Crimean Tatars at issue in Ukraine crisis

A group of some 50 gunmen seized control of parliament and government buildings in Simferopol, capital of the Ukrainian region of Crimea, raising Russian flags above them Feb. 27—just as the US warned Russia that military exercises planned near the border of Ukraine could "lead to miscalculation." With the top floor of the building occupied by the gunmen, Crimea's parliament voted to hold a referendum on the region's future—whether to remain in Ukraine or join Russia. Earlier, in his first statement since being voted out of office by MPs last week, Ukraine's fugitive ex-president Viktor Yanukovich said he had been "compelled to ask the Russian Federation to ensure my personal security from the actions of extremists," and that he still considered himself the legitimate president of Ukraine. The Ukrainian parliament in Kiev meanwhile voted to send Yanukovich to The Hague to be tried over the violence that led to at least 82 deaths in Kiev last week. (AFP, The Guardian, BBC News, Globe & Mail, Feb. 27; The Guardian, Feb. 25)

Clashes broke out at the Simferopol parliament building on Feb. 26 between Crimean Tatars and pro-Russian demonstrators, with several hundred flag-waving protesters from both sides facing off. The fracas caused a one-day postponement of the vote to approve the referendum. Speaking to anti-Russian protesters at the parliament building, lawmaker Refat Chubarov, a leader of the Crimean Tatars, warned against moves that could see Crimea annexed by Russia. "We urged [lawmakers] not to convene the session [on the future of Crimea], not to aggravate the situation in Crimea," he said. "It was clear even yesterday that the session was being convened with one single purpose—to take actions today which would lead to the separation of Crimea from Ukraine and its unification with Russia." (EuroNews, AFP, Feb. 27; EuroNews, Bloomberg, RFE/RL, Feb. 26)

The Crimea is majority Russian-speaking, and hosts the Russian naval base at Sevastopol; the peninsula was actually part of Russia until the Soviets transfered it to Ukraine in 1954. But the region's Tatar minority have good reason for their historical mistrust of Russia. A Turkic and Muslim people said to descend from the Golden Horde that ruled a vast area of what is now Russia and Ukraine after the Mongol conquests of the 13th century, the Tatars had an autonomous khanate in the Crimea under Ottoman protection until becoming a Czarist protectorate in the Russo-Turkish Treaty of Küçük Kaynarca in 1774. Their territory was formally annexed to the Russian empire along with the rest of the Crimea in 1783. Tatars suffered persecution under the czars, and many were exiled into Ottoman territory, forming a diaspora which today extends to the Balkans. By 1900, the number of Tatars in Crimea had been reduced by half.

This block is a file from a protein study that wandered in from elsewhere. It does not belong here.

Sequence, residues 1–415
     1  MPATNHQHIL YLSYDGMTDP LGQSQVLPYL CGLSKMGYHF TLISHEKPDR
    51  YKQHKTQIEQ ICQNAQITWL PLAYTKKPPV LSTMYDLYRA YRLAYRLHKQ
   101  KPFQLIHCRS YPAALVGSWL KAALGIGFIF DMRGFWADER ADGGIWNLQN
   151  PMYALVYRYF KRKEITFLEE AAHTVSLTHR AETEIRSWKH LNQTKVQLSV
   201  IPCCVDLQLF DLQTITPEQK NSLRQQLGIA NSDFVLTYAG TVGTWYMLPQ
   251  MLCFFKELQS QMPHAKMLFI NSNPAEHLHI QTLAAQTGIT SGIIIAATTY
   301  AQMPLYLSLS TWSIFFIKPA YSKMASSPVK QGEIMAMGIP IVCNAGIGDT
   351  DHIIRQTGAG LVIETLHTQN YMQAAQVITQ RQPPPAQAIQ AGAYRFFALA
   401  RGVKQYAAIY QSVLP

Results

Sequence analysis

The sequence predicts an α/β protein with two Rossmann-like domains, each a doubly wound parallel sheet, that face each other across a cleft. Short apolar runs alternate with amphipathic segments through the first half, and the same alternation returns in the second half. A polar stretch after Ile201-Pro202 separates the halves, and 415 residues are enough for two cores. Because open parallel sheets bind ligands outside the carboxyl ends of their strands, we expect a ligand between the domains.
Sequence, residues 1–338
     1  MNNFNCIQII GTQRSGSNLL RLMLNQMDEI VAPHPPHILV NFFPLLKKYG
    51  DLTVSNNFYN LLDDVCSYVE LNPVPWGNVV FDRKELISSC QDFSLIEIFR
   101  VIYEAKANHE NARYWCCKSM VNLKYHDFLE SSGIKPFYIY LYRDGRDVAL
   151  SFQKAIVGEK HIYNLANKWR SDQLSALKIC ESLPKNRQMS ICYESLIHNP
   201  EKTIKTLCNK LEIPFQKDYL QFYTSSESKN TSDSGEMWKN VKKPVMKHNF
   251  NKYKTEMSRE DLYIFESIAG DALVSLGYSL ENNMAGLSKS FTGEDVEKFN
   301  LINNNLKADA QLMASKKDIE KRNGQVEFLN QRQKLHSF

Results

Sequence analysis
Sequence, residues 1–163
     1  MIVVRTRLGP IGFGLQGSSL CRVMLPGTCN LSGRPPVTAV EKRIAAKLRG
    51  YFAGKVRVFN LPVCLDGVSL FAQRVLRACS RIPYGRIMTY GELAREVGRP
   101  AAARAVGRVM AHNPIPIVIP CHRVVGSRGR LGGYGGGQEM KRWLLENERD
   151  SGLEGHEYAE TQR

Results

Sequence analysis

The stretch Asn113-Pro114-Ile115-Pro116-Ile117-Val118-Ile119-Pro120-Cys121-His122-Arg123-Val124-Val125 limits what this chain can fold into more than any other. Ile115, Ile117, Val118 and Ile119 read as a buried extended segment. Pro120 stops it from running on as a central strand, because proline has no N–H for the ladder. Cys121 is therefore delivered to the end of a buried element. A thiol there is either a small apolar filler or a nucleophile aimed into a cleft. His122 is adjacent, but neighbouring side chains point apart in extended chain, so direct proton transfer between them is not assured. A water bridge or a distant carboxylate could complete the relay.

During World War II, Tatars came under suspicion of disloyalty, and were forcibly relocated from the Crimea by Stalin in 1944 to resettlement camps in Central Asia. Thousands perished in the ordeal, which is bitterly remembered today as the Sürgün, or banishment. The survivors were allowed to return to the Crimea in 1954 (the same year Khrushchev transfered the peninsula to the Ukrainian SSR). An official apology for the Sürgün, and a call for Tatars to return to the Crimea, was issued by Kiev after the Soviet collapse in 1991. Another significant Tatar population survives in the Russian republic of Tatarstan, between the Volga River and the Ural Mountains. (VOA, Feb. 27; Informed Comment, Feb. 24; International Committee for Crimea)

Two journalists from the Republic of Tatarstan were reportedly abducted and severely beaten in Kiev on Jan. 31 Reporter Nikita Perfilyev of the KazanFirst online news portal and his cameraman, Anton Zakharov, said their assailants spoke Russian without Ukrainian accents. The attackers took the journalists' passports, money, and credit cards before releasing them, bruised and bloody. A delegation of lawmakers from the Republic of Tatarstan has left for Crimea to investigate the matter. Tatar parliament speaker Farit Mukhametshin said the delegation will seek to assist Crimean authorities to restore order on the peninsula, where he said "destructive forces are trying to disrupt interethnic concord." (QHA, Feb. 27; RFE/RL, Feb. 3)

  1. Crimea and the US “left”: Weinberg predicts

    In the weeks or days to come, if the Crimea crisis escalates, the Tatars (who have historical reasons to distrust Russia and wish to remain in Ukraine) could find themselves being "ethnically cleansed" by Russo-nationalist forces. I certainly hope this does not come to pass, but if it does, the response of the US "left" is certain: To make excuses for the cleansing, and portray the Tatars as imperialist dupes who deserve it—exactly as in Bosnia and Kosova in the '90s. And this while hypocritically employing rhetoric about opposing anti-Muslim racism at home (and in Palestine).

    I can't bear to watch this unfold yet again, while issuing futile appeals for logic and humanity from my marginal Internet soapboxes. There is no more "left" that I can be a part of. I am now an orphan.

  2. Ukrainian anarchist statement on Crimea

    Ukraine's anarcho-syndicalist Autonomous Workers' Union has a March 3 statement in English on the current crisis in Crimea. It states: "We don't regard Ukraine’s territorial integrity and inviolability of its borders as a value… but we think that the status of Crimea should be defined with due regard to the opinion of the Crimean Tatar minority."

    Addressing the international left, it states: "[F]or the leftists and anarchists of the West it's high time to cut ties with the so-called 'anti-imperialism' which comes down to the support of the Putin's regime against the US. No war between nations, no peace between classes!"